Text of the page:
Periodontal Disease: Pathogenisis and Local and Systemic ramifications

Periodontal disease is the most common problem in small animal patients.  Not only is it common, but there are also numerous local and systemic effects of the infection.  Sadly, most of what we “know” about this disease is wrong. This presentation reviews the true pathophysiology and importance of periodontal disease to clients, patients, and your practice.

Periodontal therapy for the general practitioner

This lecture will cover proper diagnosis and therapeutic options for periodontal disease.  Subject matter to include:  performing a thorough professional dental cleaning, recognition of dental pathology, treatment of pathologic pockets, as well as homecare.  Finally, this lecture will introduce more advanced periodontal therapies.

Dental radiology techniques and basic interpretation

Dental radiographs needn’t be a daunting or difficult task.  We will teach you a very easy system to get the shot right the first time. This lecture will begin with a discussion of radiation safety and equipment options, including Finally, we will cover basic interpretation skill for the common diseases including: periodontal disease, trauma, neoplasia, infected/abscessed/dead teeth, and deciduous dentition.

Surgical Extractions/complications

The majority of this lecture will cover the techniques necessary for optimal success, minimal operator stress, and atraumatic extraction of teeth.  This lecture initiates with a discussion of proper sectioning of multi-rooted premolar and molar teeth.  Building upon this, we will discuss surgical extractions for difficult teeth (canines, carnassials, and ankylosed).  Proper flap creation for the various teeth, alveolar bone removal, sectioning (if necessary), and closure (emphasizing tension release) will be covered.  Finally, avoidance and treatment of various complications (fractured and retained root tips, oronasal fistulas, iatrogenic fractures) will be discussed.  There is something for everyone in this lecture, from new grads to seasoned practitioners

Increasing Dental Compliance

Get the most out of your dental service and promote optimal patient care.  This lecture will sum up the information from the entire dental track and let you “use it on Monday”. This is an in-depth lecture on how to increase compliance with your dental recommendations.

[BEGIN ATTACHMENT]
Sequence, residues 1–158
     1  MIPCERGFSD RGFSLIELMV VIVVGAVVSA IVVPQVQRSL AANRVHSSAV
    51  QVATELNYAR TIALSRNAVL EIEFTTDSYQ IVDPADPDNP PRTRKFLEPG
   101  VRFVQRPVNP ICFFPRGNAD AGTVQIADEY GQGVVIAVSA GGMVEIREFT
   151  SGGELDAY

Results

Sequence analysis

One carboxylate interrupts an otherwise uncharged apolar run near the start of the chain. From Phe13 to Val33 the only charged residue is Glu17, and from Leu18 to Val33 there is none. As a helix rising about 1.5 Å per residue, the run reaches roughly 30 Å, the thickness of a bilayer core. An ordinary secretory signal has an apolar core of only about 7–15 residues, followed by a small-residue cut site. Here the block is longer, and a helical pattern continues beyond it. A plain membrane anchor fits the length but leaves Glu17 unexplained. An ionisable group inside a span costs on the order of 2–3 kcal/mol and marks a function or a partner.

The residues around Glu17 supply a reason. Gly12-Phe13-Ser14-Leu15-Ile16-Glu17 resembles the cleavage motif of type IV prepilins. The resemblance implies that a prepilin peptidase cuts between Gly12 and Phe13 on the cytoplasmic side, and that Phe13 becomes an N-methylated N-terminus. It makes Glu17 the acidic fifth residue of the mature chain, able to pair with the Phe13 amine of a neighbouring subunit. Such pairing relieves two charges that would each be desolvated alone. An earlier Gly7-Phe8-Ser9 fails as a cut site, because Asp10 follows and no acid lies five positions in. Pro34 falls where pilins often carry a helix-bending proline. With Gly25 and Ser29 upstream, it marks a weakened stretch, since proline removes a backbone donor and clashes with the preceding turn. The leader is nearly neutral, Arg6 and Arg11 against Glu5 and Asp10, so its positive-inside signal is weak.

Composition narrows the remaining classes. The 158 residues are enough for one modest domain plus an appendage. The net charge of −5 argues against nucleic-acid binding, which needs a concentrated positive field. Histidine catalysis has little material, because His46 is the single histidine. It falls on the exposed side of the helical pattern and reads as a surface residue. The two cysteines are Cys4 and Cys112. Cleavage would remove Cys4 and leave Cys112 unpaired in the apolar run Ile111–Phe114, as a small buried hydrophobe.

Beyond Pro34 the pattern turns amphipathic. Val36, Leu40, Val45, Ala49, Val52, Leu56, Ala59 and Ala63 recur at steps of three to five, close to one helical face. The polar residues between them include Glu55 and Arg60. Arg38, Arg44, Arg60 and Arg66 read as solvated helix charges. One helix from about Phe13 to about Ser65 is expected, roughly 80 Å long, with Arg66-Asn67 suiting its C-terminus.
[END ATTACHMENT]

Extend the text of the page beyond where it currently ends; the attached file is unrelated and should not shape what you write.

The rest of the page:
Dental therapy, the next level

Veterinary dentistry is much more than cleanings and extractions.  This lecture will cover the two undertreated areas in veterinary dentistry, periodontics and restorative dentistry.  The periodontal section will cover closed and open root planing, various flap techniques, and bone regeneration (guided tissue regeneration).  Restorative therapy will cover bonded sealants for uncomplicated crown fractures as well as composite restorations for enamel hypocalcification and caries.

Dr. Linda Jacobson & Dr. Jyothi V. Robertson

Session/lecture title: Animal hoarding – an overview
Learning objective: This lecture will describe the psychopathology and subtypes of animal hoarding and the growing importance of institutional hoarding. It will discuss new and more effective ways that veterinarians and communities can deal with animal hoarding behavior. We will provide an overview of medical and behavioral conditions that are common in hoarded animals, and present new data on the Pandora’s box of otitis media in cats with chronic URI.
Why is your topic important today and for participants?
Animal hoarding is a “malignant form of cruelty”. It subjects large numbers of animals to illness, neglect and emotional distress over long periods of time. It is important for veterinarians to be aware of new psychiatric developments in the field of hoarding so as to be able to appropriately identify and work with people who hoard animals. Knowledge of the medical and behavioral problems commonly found in hoarded animals allows practitioners to identify hoarding behavior in clients and to appropriately manage the fragile patients that have lived in hoarding environments.

Session/lecture title: Dealing with animal hoarding in different geographic and socio-economic settings
Learning objective: The harm reduction approach has been increasingly applied to animal hoarding, in order to improve outcomes and reduce recidivism rates. This talk describes examples of animal hoarding situations in the USA, Brazil and two regions of Canada, and how different approaches were applied in different settings.
Why is your topic important today and for participants?